Review: RESIDENT EVIL: WELCOME TO RACCOON CITY, An Enjoyable Enough Ride
The franchise returns with enough stunts and monsters to keep the audience entertained.
Given the cross-over in aesthetics and storytelling techniques in cinema and video games (the former as an influence on the latter in the beginning, but the influence can be said to go both ways in recent years), there's always the main question(s) that hang over the film version of a video game: will I like it as much as the game? They are still two different mediums, and while there are definitely a lot of good film adaptations of games, there is also the risk of too much fan service, of indulging in 'look, here's a moment from the games' that ends up being empty (due to the lack of controller in the audience's hand). You don't necessarily want to complete alienate your fan base, but at the same time, you need to keep them happy.
Given that Resident Evil: Welcome to Raccoon City is the seventh film in the franchise, it stands to reason that the series has been popular not just among film fans, but fans of the game as well. That being said, this film is coming in with a lot of new creative voices both behind and in front of the camera, essentially a reboot. And while it might not quite provide enough information for those unfamiliar with the previous films or the game, this is a (surprisingly) decent film; entertaining enough, with some good action and nods to the game which blend pretty seamlessly with the narrative.
It's the late 1990s, and Claire Redfield is hitching a ride from a truck driver on a rainy night. She's returning to Raccoon City, a company town in the midst of being abandoned by both Umbrella Corporation and its more affluent populous. She's going to see her estranged brother, Chris; he and his fellow few police officers Albert Wesker, Jill Valentine, Leon Kennedy, and their captain, Chief Irons, are the skeleton crew, set to watch over this last insane night in the doomed city. Meanwhile, Dr. Birken is racing to protect his precious research. For, as he and Wesker receive secret intel, the city is going to be levelled at 6am.
The story involves much of the narrative from the first two games; as I say, if you're unfamilair with the franchise, a few sentences of explanation should suffice to catch you up sufficiently to follow the story. And (whether deliberately or not) it feels a bit timely: a pharmaceutical company has been using locals as guinea pigs, then when it's not longer convenient, decides to abandon these people and the town that relied on them. Claire knows something is up, hence her return to seek out the local conspiracy theorist (who turns out to be right). While Wesker and Valentine investigate a disturbance at the local abandoned mansion and Wesker reveals his involvement in helping conspirators expose Umbrella, Leon is trying to hold down the police station, with his surly Chief (a brilliant Donal Logue) and Claire, while the zombies or monsters or whatever it is the townspeople have become threaten to overrun them.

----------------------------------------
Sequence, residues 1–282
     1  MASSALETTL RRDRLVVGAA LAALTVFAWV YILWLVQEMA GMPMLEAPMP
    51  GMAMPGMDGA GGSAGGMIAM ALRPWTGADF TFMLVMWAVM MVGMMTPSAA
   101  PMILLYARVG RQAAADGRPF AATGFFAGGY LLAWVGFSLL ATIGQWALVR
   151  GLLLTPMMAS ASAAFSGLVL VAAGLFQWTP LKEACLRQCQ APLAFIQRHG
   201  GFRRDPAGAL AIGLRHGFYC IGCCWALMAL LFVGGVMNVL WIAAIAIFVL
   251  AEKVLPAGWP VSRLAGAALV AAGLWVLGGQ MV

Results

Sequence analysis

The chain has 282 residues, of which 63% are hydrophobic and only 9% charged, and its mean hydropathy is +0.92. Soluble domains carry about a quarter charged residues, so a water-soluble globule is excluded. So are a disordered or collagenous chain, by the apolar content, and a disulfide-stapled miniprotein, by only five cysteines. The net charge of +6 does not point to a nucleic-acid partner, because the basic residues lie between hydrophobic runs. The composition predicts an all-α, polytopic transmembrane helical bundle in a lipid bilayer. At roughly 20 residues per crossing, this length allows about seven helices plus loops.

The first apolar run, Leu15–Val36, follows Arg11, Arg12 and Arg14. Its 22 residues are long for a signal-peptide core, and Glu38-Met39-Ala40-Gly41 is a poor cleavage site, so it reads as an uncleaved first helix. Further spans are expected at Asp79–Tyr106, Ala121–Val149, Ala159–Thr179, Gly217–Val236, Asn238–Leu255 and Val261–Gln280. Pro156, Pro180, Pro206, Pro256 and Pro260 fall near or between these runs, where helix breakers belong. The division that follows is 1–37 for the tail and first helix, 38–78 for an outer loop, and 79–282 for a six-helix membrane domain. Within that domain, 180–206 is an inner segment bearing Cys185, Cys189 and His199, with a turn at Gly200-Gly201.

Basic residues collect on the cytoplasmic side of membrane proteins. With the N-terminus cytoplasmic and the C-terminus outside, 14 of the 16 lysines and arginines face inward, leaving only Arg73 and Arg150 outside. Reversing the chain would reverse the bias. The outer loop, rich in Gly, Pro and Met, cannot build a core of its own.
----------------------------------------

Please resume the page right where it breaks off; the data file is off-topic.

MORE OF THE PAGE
The story keeps a pretty steady pace: the action starts just about at the beginning, with a hit-and-run (except the victim isn't dead, of course, this is Resident Evil), and the story, as it is put together, makes sense and works within the time frame of the six hours through the night. We can definitely guess the larger points that will happen, but the ride is agreeable enough. There are nice nods to moments in the games, such as certain locations, character actions, weapons, and the appearance of memorable monsters. And yet nothing feels forced or slotted in just for the sake of fan service. A decent horror film needs good scares and good action, and this film provides.
The monster effects are solid, as the photo above shows, and another transformation that I'll let the viewer discover - suffice to say it's both scary and gross. I'll tip my hat to the actors - they never force their performances nor just phone it in. Considering that several of them are playings roles that have in previous films been performed by others (and some names like Iain Glenn and Wentworth Miller), I never doubted them and was rooting for them to at least escape the disaster (well, except maybe Wesker); they knew how to handle the action and I believed the camaraderie between them. Especially Logue, who seems to be having a fun time with the material, and they took it as seriously as it needed to be without pushing too hard.
It's also got a killer soundtrack, for those of use old enough to remember some good late 90s tunes. Resident Evil: Welcome to Raccoon City isn't breaking new ground, for the franchise or otherwise, but it's an entertaining horror-action film, with a clear eye to a sequel, and pays decent homage to the games without relying on the material to keep the story going.
Resident Evil: Welcome to Raccoon City
- Johannes Roberts
- Johannes Roberts
- Kaya Scodelario
- Robbie Amell
- Hannah John-Kamen